Artist Makes Incredibly Complex Sand Castles

Like Buddhist sand mandalas, artist Calvin Seibert's work is made to be blown away. 

Spending about eight to 10 hours a day, and four to five days per week, Seibert builds impressive sand castles with lines so neat, they look like they were carved from concrete. The artist makes sand castles on and off the beach, hitting all of New York's favorite oceanside haunts: Fort Tilden in the Rockaways, Jones Beach on Long Island, and Coney Island.

“I get a different reaction with different groups of people,” Seibert said. “At Fort Tilden, hipsters will take an Instagram and keep on walking. On Coney, I recently had a group of kids who came up and wanted to jump on it. I said, ‘Hold on! Let me get my camera first!’”

Because of the nature of sand, the artist's work never lasts long. Usually the creations are promptly washed away by the water or knocked over by a clumsy beach-goer. At most, the castle might last a week.

The process of making the structures is not far from the approach a casual builder might use. He starts with a large pile of wet sand, gathered with a five-gallon paint bucket, then starts sculpting with his hands, and eventually moves to tools like plastic spackling blades and Plexiglas trowels. The tools are wiped clean after each cut to get those satisfyingly smooth surfaces.

From the look of his work, many have suggested that the sand artist has a background in architecture. Despite the complexity of his structures, Seibert has never worked with a blueprint or drawn up plans.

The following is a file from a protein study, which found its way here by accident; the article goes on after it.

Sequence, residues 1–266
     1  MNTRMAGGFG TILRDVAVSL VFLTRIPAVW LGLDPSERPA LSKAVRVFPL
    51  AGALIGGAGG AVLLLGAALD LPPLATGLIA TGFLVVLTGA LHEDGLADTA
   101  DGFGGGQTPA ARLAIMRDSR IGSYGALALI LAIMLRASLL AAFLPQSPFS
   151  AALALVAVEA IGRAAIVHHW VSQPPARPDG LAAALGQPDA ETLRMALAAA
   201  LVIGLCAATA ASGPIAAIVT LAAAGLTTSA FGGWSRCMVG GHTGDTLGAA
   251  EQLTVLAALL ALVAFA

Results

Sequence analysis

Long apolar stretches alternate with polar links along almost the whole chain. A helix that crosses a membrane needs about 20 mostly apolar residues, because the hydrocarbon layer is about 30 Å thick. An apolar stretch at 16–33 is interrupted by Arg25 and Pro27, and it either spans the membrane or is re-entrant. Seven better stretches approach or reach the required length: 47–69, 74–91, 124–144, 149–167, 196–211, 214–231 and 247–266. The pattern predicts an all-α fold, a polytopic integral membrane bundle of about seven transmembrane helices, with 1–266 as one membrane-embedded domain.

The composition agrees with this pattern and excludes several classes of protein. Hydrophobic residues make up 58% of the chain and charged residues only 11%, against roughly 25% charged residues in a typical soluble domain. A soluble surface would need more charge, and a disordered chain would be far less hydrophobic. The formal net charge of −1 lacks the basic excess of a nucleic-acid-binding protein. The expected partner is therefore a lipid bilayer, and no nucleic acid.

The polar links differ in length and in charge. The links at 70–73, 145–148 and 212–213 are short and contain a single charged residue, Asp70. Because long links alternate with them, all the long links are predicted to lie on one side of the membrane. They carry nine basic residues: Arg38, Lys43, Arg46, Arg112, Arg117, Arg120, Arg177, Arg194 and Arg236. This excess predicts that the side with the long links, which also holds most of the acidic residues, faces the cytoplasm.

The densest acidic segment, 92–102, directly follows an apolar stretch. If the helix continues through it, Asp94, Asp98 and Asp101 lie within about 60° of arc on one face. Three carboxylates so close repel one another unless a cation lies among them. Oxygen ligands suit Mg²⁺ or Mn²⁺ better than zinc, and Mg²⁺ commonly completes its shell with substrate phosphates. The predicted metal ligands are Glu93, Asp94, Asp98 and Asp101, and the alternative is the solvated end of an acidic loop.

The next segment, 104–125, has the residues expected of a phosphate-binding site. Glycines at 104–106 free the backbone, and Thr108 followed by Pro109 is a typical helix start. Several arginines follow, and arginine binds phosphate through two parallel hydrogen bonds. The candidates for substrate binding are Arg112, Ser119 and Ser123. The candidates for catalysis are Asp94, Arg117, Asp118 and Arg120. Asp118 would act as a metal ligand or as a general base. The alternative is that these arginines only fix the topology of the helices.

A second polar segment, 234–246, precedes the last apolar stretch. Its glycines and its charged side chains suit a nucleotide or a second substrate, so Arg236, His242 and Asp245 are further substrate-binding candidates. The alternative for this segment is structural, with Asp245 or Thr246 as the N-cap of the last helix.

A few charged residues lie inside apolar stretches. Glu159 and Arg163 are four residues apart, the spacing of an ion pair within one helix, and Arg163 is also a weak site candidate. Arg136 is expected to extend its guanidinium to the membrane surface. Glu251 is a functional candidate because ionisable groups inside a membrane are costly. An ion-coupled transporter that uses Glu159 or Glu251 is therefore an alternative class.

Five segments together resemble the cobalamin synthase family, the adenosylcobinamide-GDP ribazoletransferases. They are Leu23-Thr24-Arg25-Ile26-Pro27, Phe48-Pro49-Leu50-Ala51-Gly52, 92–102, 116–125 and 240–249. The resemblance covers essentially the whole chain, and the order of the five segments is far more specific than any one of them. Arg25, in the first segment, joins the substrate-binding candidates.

“Lots of people say ‘Mayan’ or ‘Frank Gehry’ when they look at them,” he said. “But that tells me that I haven’t been focused enough. I’m not thinking ‘Mayan,’ I’m just doing it from the weird, unconscious place I’m at.”

Inspiration for the project started when the artist's father, ski champion Pete Seibert, helped lead the construction of Vail in the mid-1960s. The young artist would play in the shadows of the new buildings' foundations and framings. 

Although Siebert's castles look like works of art, he would never want them in the confines of an art gallery. “It’s important that they’re at the beach,” he explained. “A sandcastle is ephemeral. There is a thing on the horizon that’s going to destroy it. That’s what makes it powerful and interesting.”

Images via Calvin Seibert

[h/t: CityLab.com]

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Tom Etherington, Penguin Press
The Covers of Jack Kerouac's Classic Titles Are Getting a Makeover
Tom Etherington, Penguin Press
Tom Etherington, Penguin Press

Readers have been enjoying classic Jack Kerouac books like The Dharma Bums and On the Road for decades, but starting this August the novels will have a new look. Several abstract covers have been unveiled as part of Penguin’s "Great Kerouac" series, according to design website It’s Nice That.

The vibrant covers, designed by Tom Etherington of Penguin Press, feature the works of abstract expressionist painter Franz Kline. The artwork is intended to capture “the experience of reading Kerouac” rather than illustrating a particular scene or character, Etherington told It’s Nice That. Indeed, abstract styles of artwork seem a fitting match for Kerouac’s “spontaneous prose”—a writing style that was influenced by improvisational jazz music.

This year marks the 60th anniversary of The Dharma Bums, which was published just one year after On the Road. The Great Kerouac series will be available for purchase on August 2.